Adam December 5th, 2012
In the process of taking up motorcycling this summer I also gained an additional hobby: scouring maps and travel guides to find the roads that would be most fun to ride. While I’ve had great times on dirt roads through farmland and wide open highways, there just isn’t anything that compares to the thrill of leaning through the corners on a winding road.
While I’ve had some good successes in locating roads by map (such as Tracy Road), one of the shortcomings of a map is the tight curves you can really lean into tend to be below the resolution for many maps. Atlases and electronic maps like Google Earth allow you to zoom in, but then there is the problem of finding the gems in the sea of data. What I realized I needed was a way to highlight just the most curvy roads so that I would know where to explore next.
For those less familiar with the intersection of cartography and software, the electronic mapping systems of the world (your Garmin/TomTom GPS, Google Earth, MapQuest, etc) have sequences of thousands of coordinates that linked together define the paths of roads across the surface of the earth.
While most of these systems use proprietary data sets, a service called Open Street Map (OSM) is a community driven project that anyone can add and edit — a Wikipedia for cartographic data. In some parts of the world the Open Street Map has better coverage than any commercial providers; in the US the original data was imported from the public domain USGS TIGER data set and has then been expanded and improved by the community. I’ve known this data was available for a long time, but it was only last week I realized that it would be possible to search through the coordinates that make up road-paths to analyze their geometry rather than just their position.
I can get the raw data from the Open Street Map for the path of every road, but how to determine which ones are the most twisty? At the beginning I tried a strategies such as calculating the ratio of distance traveled on a road versus the distance between the start and end points. Unfortunately all of these methods had situations that confused the algorithms (such as circular roads) or didn’t distinguish between fun curves and boring broad changes of direction that would only be exciting at far beyond the speed limit. What I eventually came up with is a process of calculating the radius of curvature at every segment of every road and then adding up the length of the most curvy segments to get a total distance spent turning. The twistier the road, the more time spent turning.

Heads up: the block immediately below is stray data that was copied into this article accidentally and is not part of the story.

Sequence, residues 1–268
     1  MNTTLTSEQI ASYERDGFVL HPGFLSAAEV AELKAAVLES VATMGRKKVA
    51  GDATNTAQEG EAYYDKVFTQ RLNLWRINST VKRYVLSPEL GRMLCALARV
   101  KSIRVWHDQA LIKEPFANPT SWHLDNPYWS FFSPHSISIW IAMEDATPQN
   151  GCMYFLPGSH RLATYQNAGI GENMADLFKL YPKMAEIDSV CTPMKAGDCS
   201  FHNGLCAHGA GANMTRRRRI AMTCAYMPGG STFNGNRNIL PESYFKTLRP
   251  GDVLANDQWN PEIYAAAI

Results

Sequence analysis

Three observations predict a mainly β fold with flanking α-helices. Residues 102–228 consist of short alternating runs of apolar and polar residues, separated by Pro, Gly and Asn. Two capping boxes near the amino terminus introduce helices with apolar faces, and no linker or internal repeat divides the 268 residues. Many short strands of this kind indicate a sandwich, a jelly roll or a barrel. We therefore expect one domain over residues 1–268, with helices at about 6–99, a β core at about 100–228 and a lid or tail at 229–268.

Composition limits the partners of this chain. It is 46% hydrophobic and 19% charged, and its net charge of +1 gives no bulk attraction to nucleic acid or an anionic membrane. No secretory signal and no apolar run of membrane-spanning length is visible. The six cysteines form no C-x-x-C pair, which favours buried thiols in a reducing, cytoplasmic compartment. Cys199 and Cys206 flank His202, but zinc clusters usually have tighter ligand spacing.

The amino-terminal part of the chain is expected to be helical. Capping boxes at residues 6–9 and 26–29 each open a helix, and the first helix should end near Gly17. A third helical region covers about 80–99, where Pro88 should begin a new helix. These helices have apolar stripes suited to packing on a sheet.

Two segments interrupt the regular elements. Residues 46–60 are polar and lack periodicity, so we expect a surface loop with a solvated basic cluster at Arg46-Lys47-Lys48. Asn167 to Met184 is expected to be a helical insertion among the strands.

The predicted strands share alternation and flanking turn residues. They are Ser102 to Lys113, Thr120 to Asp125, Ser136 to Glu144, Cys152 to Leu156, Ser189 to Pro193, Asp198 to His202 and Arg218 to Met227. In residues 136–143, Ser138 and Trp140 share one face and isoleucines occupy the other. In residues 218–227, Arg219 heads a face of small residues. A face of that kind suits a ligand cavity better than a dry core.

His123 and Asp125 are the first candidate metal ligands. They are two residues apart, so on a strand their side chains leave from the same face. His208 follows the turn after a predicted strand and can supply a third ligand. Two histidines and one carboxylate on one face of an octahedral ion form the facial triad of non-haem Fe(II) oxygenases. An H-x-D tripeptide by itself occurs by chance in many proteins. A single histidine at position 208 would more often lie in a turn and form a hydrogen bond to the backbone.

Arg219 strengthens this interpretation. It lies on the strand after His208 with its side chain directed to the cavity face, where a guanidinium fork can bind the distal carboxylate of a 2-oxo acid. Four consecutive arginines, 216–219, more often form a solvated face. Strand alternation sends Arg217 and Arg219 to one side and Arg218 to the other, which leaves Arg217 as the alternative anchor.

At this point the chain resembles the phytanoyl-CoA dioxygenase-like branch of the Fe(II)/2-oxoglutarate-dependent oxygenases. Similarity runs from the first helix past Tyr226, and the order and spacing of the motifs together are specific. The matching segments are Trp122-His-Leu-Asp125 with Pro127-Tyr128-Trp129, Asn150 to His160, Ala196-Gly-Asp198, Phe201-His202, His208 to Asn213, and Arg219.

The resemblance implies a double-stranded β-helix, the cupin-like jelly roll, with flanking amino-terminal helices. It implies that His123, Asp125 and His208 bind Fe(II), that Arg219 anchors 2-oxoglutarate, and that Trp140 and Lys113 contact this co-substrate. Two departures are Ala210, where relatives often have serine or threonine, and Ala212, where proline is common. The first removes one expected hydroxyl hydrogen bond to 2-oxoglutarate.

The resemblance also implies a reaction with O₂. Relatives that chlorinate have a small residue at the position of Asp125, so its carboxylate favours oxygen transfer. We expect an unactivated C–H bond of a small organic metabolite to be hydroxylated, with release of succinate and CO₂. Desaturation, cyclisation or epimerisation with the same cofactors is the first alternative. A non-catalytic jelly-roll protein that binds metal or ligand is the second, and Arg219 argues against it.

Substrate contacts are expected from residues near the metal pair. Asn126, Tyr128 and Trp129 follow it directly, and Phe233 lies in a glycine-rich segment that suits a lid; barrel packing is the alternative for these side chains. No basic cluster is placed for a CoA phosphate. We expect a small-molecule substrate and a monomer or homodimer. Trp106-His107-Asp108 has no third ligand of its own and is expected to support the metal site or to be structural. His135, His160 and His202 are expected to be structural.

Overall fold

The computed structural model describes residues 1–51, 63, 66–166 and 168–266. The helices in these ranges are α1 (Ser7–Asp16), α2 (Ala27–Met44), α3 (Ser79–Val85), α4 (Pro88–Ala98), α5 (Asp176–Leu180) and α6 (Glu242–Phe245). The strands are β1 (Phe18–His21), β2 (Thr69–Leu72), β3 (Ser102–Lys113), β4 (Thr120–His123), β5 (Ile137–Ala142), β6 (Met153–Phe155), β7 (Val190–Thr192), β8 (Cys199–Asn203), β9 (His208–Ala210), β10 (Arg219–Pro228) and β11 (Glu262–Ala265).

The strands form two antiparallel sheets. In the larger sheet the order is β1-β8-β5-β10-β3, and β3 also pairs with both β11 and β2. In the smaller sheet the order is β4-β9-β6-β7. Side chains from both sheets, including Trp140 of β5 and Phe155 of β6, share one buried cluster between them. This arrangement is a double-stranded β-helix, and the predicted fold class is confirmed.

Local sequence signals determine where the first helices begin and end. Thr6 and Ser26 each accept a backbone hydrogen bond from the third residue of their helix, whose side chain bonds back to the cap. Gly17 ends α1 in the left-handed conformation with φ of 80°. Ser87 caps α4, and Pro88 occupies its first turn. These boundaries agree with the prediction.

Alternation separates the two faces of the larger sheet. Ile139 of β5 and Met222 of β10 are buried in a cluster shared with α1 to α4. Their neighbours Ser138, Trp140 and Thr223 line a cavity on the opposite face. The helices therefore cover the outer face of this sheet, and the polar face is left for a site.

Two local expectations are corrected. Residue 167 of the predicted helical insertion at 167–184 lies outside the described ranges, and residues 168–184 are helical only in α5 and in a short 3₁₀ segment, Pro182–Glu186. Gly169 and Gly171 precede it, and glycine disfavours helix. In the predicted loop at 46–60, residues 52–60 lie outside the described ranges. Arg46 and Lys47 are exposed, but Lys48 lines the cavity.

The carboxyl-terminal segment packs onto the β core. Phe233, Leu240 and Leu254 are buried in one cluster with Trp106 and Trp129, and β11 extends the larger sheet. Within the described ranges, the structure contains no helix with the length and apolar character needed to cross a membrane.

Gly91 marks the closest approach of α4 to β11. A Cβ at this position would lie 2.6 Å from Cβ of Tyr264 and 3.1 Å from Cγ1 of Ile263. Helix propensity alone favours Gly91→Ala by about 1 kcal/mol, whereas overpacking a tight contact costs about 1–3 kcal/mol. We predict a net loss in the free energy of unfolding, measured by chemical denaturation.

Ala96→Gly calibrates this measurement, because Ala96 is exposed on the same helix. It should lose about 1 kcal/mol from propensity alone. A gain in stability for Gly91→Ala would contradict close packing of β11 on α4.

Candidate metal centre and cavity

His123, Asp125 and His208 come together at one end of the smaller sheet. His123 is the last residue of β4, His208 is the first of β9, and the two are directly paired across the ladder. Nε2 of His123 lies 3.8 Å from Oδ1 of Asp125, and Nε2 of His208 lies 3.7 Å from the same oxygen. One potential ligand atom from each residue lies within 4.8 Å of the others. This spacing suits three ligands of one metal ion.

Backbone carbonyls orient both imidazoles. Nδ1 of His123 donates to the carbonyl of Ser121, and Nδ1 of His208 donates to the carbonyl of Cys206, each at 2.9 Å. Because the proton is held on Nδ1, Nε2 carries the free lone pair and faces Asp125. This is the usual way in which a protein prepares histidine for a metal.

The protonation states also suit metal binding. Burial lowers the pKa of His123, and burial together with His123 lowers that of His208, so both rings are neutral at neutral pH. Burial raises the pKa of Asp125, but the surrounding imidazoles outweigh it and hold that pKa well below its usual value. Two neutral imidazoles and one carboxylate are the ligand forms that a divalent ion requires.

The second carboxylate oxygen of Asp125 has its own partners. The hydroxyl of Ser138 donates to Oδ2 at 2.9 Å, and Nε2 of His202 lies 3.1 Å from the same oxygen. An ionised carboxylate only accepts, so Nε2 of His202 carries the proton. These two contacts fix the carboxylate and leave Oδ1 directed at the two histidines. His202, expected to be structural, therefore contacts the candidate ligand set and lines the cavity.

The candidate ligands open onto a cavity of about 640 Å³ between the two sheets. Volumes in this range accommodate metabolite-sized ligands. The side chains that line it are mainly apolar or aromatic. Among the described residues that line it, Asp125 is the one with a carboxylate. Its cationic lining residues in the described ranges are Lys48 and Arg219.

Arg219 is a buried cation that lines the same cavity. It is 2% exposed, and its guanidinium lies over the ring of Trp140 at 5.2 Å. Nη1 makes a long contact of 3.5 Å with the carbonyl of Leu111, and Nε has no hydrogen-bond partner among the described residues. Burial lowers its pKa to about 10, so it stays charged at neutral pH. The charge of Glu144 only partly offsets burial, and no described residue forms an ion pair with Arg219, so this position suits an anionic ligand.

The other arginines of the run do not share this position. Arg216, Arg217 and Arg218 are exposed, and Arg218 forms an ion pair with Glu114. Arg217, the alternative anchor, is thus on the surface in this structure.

I’ll get back to more of the details in a bit, but I ended up writing a small program that reads through the Open Street Map data and spits out KML (Google Earth) files that highlight just the twisty roads. This program is called curvature.py and is available on Github here: https://github.com/adamfranco/curvature/wiki
When running curvature.py you can pass a variety of options that allow you to highlight the roads you are most interested in. For example if you live in the flat Midwest you can pass it a low curvature threshold to try to locate roads that have any curves. Give it a medium threshold and the output can help you find a more interesting route to work. Similarly if you want to find just the most absolutely crazy-curvy roads in a region give it a high threshold to filter out wheat from the chaff.
--colorize option, KML files will be generated with each road segment color-coded to match its curve-radius. Green segments are above the threshold considered “straight”, while yellow are broad curves, orange tighter, and red tightest:
More about calculating the curvature
Each way (road) is made up of a sequence of points defined as a pair of latitude and longitude values. Each sequence of three points makes up a triangle where two of the sides are road segments with a hypotenuse between the 1st and 3rd points. Since we have the latitude and longitude of each point we can easily calculate the distances between them, but figuring out what the curvature of the road is at this set of points is a little tricky. Since the points aren’t evenly spaced the angle between the three points doesn’t tell us anything. Instead, we must go back to the geometric relationship that says for every triangle there is a circumcircle that intersects its three points. Using the equations for the circumcircle, we can plug in the distances between the three points and come up with the radius of that circle. That circle’s radius corresponds to the radius of the road’s curve at the middle of the three points.
Here is a video explaining the process:
The Curvature Examples page shows a number of examples and provides links to KML files that you can open in Google Earth. If you’d like to just view curvature KML files that I’ve generated, you can find them at: http://www2.adamfranco.com/curvature/kml/